Not only do the Government’s proposals make no sense, but they would be catastrophic for the creative sector, particularly independent British TV companies. Channel 4’s success has been instrumental in helping to grow the UK’s world-beating creative industry. The channel has invested £12 billion in the independent production sector, and each year it works with more than 300 production companies.
Channel 4 has also been investing in regional TV and production, and giving voice to communities right across the UK, long before “levelling up” became the latest empty Tory slogan; other hon. Members have already mentioned that today. The channel is crucial in both representing people and providing jobs for people right across the country.
As well as people directly employed by Channel 4, the channel supports over 10,000 jobs in the supply chain, 3,000 of which are in the UK’s nations and regions. As hon. Members have mentioned, Channel 4 is now a truly national organisation. As my hon. Friend the Member for Leeds North West has said, it has opened up its new headquarters in Leeds; he and Tracy Brabin, our former parliamentary colleague, are fighting hard to support that move. Channel 4 has set up creative hubs in Glasgow and Bristol, to make the channel more reflective of UK life. Nearly 400 Channel 4 roles will be located outside London by the end of 2021, and the channel is also committed to investing at least 50% of its spend outside London from 2023, bringing jobs and investment to all parts of the UK.
Changing the very DNA of Channel 4 will mean that indie TV production companies simply will not have the opportunities that they have now. They will be hit by a double whammy. Not only will they not be able to make programmes, but they will not even be able to own the IP, and they will essentially become service provider companies to potential buyers. The plan would suppress the brilliant entrepreneurship and innovation of the UK’s production industry. If the Government’s proposals go ahead, they will clip the wings of one of the most successful industries in Britain.
The creative industries are a key growth area and will be crucial to the UK’s economic recovery after the pandemic. Office for National Statistics data show that in summer 2019, 9% growth in the TV and film sector was key to the UK avoiding recession. The sector has been growing at five times the rate of the UK economy and contributes £111.7 billion to it. As my hon. Friend the Member for Leeds North West and Mr Mitchell have asked, what assessment has the Department made of the impact of its proposal on the wider creative sector? Was an impact assessment made when drawing up the proposal?
The proposal would also impact on the UK on the global stage. Channel 4 is a national asset with a global reach. As an exporter of uniquely produced content, Channel 4 projects British talent, culture and soft power around the world, as was mentioned by Jamie Stone. It was created to reflect the cultural diversity of the UK through programming, boosting Britain’s reputation overseas and showcasing British values to the rest of the world.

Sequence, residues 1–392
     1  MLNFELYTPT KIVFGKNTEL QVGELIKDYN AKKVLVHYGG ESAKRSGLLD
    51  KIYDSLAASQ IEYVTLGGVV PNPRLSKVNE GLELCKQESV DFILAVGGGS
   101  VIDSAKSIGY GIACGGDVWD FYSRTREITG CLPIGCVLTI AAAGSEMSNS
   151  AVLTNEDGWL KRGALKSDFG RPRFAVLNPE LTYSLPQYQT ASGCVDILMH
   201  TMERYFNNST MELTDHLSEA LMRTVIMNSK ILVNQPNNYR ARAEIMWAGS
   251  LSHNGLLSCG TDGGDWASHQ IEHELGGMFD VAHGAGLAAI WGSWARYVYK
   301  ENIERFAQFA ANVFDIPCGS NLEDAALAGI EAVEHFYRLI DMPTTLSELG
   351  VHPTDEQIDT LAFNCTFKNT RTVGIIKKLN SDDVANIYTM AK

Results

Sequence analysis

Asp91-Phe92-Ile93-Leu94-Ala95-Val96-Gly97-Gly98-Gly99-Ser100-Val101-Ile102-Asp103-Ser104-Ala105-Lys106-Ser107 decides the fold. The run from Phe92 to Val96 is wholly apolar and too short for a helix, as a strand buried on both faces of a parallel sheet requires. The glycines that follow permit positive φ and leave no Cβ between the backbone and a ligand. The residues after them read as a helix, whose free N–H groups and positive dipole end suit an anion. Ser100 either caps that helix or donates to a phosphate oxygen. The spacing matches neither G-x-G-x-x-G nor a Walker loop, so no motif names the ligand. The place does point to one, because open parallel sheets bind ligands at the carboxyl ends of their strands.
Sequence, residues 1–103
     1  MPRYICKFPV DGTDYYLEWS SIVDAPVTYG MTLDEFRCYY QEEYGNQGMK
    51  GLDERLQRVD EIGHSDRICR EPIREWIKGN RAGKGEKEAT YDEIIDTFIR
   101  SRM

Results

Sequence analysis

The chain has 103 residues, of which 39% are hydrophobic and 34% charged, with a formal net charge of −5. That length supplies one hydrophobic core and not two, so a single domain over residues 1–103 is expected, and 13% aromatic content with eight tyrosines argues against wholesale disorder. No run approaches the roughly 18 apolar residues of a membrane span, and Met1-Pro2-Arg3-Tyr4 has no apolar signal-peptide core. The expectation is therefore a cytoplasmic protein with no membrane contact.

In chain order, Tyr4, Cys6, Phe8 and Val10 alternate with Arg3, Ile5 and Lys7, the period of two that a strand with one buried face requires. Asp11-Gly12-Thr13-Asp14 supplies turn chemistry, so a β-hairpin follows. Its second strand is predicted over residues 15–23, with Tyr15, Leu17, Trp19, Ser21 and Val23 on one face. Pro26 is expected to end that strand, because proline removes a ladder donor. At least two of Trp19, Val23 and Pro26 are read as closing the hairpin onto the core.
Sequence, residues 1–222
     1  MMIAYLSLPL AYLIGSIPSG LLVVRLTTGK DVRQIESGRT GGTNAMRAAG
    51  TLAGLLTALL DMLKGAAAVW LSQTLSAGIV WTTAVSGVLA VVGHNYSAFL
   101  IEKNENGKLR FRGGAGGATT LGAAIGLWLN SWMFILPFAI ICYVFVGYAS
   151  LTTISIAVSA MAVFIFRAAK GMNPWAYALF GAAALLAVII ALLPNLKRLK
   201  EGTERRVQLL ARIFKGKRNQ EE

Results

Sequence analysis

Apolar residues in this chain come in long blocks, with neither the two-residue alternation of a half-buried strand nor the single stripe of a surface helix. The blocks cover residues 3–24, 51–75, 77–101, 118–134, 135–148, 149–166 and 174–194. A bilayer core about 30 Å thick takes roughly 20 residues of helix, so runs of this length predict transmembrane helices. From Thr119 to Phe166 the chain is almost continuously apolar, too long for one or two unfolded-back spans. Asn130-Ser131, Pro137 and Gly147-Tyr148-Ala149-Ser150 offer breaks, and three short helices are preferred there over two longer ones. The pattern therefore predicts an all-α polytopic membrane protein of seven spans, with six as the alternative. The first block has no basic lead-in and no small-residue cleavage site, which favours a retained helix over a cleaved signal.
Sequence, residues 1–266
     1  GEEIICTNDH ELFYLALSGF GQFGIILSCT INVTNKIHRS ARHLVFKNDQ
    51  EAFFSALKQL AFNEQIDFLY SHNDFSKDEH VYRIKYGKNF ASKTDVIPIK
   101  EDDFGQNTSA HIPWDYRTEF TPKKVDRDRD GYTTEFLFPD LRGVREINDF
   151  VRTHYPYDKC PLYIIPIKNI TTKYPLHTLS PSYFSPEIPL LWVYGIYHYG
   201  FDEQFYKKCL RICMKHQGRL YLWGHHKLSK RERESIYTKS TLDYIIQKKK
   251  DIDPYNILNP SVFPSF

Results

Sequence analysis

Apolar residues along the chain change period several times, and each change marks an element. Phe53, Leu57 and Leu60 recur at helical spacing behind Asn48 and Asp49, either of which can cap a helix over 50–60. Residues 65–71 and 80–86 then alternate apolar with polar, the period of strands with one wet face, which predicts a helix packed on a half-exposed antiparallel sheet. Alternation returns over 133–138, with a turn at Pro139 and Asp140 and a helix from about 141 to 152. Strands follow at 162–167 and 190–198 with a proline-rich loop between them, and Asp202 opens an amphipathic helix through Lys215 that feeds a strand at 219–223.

Channel 4 has commissioned formats and shows that producers can then sell around the world, helping to launch hundreds of UK creative businesses on to the global stage and generating British IP. The UK independent sector is now worth £3 billion, and it exports soft power around the world through formats, talent and sales.
There is also success at the award ceremonies. Channel 4 spends more on British film than any other UK broadcaster does. Film4 films have collectively won 37 Academy awards and 84 BAFTAs. As Andy Carter mentioned, in 2021 “The Father” won best actor and best screenplay at the Oscars. From the outside it looks as though the Government are punishing success. In reality, they are passing on British success to their mates and big companies in America, once again showing where their true loyalties lie.
We all know that big foreign tech companies have only money on their minds, so I simply cannot see them showing any sympathy for Channel 4’s current remit and structure. That is bad news for the TV production industry and the unrepresented voices in the UK. We cannot lose Channel 4’s distinctive remit and let it simply become Channel 4.5—in other words, like Channel 5.
The Government may well argue that this change needs to be made for Channel 4 to be able to keep up and compete with giants such as Netflix, Amazon and Disney+, but they are simply missing the point. Channel 4 was created to be different, diverse and daring, and to champion the under-represented voices of this country. It does not need to splash millions of pounds to compete with Netflix. It simply needs to do what it does best—make fundamentally British content that speaks to and represents British audiences. As we heard, a prime example of this is the fantastic “It’s a Sin”, a masterpiece that broke down barriers and demonstrated the true brilliance and success of Channel 4 and the British TV production industry.
Our TV industry is a British success story. We cannot allow the Government to place a huge “For sale” sign on Channel 4 and lose it to the highest bidder. Great British TV belongs in the UK, and I would very much like it to stay that way.
I thank you, Ms Fovargue, and Mr Deputy Speaker, for presiding over our debate. Neither of you expected to be in this position today, so we appreciate your giving up the time to join us. I also thank Dame Angela Eagle for securing this debate. As she says, it is a very important subject, so I am glad that the House has an opportunity to debate it.